A Night of Knowing Nothing
Selected as part of the Quinzaine des Réalisateurs section of Cannes, Mumbai-based director Payal Kapadia’s A Night of Knowing Nothing creatively experiments with the documentary form to provide a thought-provoking insight into the rise of student resistance to injustices occurring under Narendra Modi’s premiership.
The film uses the concept of a box of lost possessions, recently recovered from a hostel in the Film and Television Institute of India (FTII) and containing letters and newspaper cuttings, to document the rise in Indian student activism during the mid-2010s when the right-wing Bharatiya Janata Party came to power.
Those possessions belong to a student named by the initial “L”. Included are letters to her lover, “K”. Through these, the viewer learns that the two are in an inter-caste relationship that deteriorates because of K’s parents’ prejudice towards L – a discriminatory attitude that has gained traction under the BJP.
Occasionally, though, the creativity gives way to an ambiguity that can be bemusing rather than engaging. This is particularly apparent in the random tranquil scenes of family domesticity that underscore the reading of L’s more intimate letters to K. The sorrow and sympathy that might have been intended misses the poignancy that their crumbling relationship should generate. Furthermore, the narration of L’s letters by Bhumista Das lacks dynamism and feels as if they are being intoned, despite the heartbreak and worry underpinning many moments.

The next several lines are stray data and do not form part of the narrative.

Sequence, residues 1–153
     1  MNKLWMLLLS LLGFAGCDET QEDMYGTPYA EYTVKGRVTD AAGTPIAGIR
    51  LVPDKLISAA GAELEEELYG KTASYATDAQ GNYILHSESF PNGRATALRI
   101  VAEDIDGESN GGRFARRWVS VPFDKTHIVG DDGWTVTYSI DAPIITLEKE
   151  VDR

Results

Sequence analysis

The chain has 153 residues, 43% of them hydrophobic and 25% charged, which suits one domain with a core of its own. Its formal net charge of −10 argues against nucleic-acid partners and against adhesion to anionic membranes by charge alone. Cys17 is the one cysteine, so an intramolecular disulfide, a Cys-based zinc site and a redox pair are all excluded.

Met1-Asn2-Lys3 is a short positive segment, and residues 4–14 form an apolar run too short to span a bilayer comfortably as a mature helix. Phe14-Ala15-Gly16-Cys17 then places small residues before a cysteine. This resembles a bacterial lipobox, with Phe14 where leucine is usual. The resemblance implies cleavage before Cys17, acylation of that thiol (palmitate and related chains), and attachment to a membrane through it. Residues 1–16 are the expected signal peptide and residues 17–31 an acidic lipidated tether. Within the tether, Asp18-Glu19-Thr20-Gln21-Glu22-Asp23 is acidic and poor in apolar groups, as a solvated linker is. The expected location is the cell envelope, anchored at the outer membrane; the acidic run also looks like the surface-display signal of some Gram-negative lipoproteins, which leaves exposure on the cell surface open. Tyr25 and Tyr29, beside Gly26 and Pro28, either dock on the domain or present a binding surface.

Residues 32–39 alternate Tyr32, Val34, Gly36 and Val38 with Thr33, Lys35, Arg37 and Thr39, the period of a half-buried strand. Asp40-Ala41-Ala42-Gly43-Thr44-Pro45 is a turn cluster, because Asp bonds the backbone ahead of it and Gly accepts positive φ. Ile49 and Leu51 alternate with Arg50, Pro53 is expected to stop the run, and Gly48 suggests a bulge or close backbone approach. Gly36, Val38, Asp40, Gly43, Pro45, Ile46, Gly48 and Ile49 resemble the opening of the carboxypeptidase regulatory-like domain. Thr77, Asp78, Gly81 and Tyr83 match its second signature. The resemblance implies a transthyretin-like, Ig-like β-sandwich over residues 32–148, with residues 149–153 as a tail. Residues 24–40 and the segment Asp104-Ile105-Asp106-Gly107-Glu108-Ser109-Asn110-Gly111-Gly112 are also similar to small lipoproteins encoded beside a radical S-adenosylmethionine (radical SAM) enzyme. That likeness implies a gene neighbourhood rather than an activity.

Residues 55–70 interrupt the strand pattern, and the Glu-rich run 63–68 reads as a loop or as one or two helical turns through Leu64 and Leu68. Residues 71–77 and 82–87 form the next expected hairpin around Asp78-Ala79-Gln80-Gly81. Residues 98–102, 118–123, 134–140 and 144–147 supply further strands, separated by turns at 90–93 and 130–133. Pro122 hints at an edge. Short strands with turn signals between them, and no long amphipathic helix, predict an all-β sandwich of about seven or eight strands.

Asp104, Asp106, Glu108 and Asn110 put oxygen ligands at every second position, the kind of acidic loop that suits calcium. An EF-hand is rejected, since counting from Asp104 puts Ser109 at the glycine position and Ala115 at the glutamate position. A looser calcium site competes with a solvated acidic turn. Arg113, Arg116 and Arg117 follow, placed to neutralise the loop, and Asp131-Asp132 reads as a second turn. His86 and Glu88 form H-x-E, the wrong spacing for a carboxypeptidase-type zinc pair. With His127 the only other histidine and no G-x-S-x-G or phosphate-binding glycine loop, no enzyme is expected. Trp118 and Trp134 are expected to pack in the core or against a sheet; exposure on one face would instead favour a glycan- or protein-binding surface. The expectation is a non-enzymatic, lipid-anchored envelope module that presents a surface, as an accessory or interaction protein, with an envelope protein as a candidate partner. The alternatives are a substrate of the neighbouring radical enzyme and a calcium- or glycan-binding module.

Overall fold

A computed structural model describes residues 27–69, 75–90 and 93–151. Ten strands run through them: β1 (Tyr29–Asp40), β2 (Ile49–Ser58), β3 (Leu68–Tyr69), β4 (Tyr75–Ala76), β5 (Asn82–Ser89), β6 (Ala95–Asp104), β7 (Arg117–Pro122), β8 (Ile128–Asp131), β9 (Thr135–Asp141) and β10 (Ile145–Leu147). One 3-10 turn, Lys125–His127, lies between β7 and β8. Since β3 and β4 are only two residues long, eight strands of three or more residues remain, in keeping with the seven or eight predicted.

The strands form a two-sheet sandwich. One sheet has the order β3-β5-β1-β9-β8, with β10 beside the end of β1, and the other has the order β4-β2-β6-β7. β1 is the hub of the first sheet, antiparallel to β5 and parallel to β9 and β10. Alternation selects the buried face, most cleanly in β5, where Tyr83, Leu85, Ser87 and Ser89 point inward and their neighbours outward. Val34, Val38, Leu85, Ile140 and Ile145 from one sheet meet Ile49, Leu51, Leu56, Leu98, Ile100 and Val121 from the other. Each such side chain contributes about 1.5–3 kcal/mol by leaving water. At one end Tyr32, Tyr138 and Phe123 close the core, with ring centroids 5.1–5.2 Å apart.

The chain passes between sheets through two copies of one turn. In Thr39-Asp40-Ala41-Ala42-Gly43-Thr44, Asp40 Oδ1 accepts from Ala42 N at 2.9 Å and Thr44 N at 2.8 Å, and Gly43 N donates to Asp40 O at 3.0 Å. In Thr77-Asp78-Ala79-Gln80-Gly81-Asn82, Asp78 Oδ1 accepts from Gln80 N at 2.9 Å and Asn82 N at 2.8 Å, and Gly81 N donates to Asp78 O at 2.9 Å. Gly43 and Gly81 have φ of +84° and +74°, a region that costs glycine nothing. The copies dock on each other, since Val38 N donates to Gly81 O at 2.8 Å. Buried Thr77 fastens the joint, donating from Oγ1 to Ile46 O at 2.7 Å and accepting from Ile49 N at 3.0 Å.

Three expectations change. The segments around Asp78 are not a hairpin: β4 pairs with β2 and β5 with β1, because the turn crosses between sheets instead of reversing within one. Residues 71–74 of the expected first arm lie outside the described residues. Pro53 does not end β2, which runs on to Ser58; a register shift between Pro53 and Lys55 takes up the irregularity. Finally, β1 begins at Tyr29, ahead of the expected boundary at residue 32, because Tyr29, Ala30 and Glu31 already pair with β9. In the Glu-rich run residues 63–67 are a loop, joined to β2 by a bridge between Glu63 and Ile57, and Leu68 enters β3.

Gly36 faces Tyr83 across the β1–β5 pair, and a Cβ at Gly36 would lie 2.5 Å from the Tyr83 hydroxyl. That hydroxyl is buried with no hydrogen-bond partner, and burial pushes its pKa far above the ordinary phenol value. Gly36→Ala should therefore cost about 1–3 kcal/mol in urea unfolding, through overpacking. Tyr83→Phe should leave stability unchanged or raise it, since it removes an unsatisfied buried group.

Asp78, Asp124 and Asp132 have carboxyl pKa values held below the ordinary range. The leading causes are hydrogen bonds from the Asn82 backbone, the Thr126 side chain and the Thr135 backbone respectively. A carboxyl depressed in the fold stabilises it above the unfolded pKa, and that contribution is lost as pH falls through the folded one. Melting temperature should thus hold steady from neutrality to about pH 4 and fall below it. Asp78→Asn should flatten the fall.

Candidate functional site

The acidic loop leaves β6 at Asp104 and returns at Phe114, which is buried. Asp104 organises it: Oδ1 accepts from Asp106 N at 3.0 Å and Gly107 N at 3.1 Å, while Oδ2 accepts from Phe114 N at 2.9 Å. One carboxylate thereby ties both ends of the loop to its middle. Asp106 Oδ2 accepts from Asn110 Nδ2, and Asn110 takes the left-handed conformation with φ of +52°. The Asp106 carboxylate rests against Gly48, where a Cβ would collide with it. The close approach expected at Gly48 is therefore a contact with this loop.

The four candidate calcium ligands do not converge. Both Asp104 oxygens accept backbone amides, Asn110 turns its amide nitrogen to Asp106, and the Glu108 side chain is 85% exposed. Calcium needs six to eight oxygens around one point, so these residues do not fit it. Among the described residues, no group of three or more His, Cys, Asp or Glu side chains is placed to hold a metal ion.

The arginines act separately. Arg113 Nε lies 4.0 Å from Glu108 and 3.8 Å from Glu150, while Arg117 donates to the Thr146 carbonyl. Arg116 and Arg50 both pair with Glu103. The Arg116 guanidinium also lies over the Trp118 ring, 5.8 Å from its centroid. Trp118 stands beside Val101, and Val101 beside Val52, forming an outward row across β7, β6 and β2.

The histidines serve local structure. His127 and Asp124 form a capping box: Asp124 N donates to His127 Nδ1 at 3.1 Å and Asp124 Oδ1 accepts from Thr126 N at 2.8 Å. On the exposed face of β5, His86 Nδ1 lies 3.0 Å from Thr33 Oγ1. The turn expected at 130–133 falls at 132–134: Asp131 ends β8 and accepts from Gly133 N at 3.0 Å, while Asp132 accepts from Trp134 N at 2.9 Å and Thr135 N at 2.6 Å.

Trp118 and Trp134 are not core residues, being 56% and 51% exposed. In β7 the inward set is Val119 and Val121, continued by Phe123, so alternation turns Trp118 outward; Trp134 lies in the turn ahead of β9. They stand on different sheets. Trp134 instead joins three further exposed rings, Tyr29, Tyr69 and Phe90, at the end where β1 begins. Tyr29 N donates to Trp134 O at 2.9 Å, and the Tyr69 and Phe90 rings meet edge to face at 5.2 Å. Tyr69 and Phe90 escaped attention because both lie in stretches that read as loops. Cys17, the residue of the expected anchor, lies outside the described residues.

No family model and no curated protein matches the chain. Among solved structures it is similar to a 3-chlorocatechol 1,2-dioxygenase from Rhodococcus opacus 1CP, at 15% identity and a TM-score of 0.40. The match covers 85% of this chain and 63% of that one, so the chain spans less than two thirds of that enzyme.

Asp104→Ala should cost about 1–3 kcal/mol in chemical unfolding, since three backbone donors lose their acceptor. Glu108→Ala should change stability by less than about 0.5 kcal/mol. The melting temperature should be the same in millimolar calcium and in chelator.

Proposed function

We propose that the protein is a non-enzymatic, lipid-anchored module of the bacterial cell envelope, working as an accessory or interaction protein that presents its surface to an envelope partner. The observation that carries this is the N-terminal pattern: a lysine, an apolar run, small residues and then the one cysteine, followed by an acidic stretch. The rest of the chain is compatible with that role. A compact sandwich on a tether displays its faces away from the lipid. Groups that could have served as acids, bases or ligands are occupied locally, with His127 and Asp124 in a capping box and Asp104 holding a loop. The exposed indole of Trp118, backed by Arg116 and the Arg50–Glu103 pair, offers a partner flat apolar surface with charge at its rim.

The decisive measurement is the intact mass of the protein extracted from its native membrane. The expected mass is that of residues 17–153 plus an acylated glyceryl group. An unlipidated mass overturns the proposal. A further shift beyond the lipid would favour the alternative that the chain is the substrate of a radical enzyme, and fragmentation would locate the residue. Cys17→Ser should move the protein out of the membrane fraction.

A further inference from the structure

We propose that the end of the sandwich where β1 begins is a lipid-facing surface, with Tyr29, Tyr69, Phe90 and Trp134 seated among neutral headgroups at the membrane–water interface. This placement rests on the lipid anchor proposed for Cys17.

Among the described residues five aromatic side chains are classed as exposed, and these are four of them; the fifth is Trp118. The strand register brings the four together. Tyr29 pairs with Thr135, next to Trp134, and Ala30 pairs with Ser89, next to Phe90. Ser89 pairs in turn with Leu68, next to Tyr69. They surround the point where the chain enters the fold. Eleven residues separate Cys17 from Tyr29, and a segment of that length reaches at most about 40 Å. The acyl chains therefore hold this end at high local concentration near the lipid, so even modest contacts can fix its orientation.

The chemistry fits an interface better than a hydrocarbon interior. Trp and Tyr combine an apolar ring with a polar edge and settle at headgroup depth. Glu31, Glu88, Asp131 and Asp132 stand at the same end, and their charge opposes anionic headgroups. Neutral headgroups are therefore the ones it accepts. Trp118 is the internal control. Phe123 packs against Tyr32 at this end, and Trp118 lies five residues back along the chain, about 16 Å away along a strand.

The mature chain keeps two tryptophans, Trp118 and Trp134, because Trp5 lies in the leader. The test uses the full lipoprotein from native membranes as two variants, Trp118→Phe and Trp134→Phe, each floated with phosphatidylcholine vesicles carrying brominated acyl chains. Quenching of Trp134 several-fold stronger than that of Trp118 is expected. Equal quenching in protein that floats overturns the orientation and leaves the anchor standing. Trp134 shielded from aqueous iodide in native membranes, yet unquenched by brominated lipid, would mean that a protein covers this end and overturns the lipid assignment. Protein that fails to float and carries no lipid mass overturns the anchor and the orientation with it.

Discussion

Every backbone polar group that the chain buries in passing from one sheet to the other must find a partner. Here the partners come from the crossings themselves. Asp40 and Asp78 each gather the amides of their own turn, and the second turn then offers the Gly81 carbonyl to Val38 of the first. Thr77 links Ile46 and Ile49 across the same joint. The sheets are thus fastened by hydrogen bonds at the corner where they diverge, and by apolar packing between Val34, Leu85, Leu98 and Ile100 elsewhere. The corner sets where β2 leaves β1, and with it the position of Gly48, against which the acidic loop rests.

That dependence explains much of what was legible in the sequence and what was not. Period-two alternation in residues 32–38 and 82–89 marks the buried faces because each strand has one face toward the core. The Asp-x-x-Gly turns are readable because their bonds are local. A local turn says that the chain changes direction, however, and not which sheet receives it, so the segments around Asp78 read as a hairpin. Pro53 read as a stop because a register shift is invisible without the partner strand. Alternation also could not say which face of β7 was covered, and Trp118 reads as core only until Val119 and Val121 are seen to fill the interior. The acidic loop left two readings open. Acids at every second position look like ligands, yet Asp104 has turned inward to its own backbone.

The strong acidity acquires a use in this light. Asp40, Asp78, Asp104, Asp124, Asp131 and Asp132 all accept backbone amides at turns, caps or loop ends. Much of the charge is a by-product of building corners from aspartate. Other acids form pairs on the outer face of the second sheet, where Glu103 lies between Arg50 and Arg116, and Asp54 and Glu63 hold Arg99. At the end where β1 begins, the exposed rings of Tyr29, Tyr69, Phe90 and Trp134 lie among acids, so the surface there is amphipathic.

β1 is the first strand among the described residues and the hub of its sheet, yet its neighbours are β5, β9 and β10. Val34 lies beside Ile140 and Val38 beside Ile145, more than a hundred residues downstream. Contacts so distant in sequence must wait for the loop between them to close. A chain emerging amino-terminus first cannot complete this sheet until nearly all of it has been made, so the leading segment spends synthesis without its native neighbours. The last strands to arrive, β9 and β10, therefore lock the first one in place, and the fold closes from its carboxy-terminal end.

Fortunately, these somewhat underwhelming aspects are balanced out by the black-and-white camera footage of protests, speeches and activism that surround L as her relationship disintegrates. While the distraction seems to provide her with solace, it allows the audience to witness the unrest and injustice that Modi’s government has precipitated. One moment the viewer is heartened by the solidarity shown, as choruses of students engage in rousing pro-equality chants for the Dalit community. Then, soon after, one is appalled by the violence student and academic protesters suffer from both the police and nationalist mobs.
Even though the film ends ambiguously, with a lecturer from FTII urging students not to create work in black and white (despite most of A Night of Knowing Nothing being monochromatic), this does not detract from the fact it has already won over audiences with its artistically trenchant insight into the left-wing struggles that are valiantly fought by the academic and student communities in India.
A Night of Knowing Nothing does not have a UK release date yet.
Read more reviews from our Cannes Film Festival 2021 coverage here.
For further information about the event visit the Cannes Film Festival website here.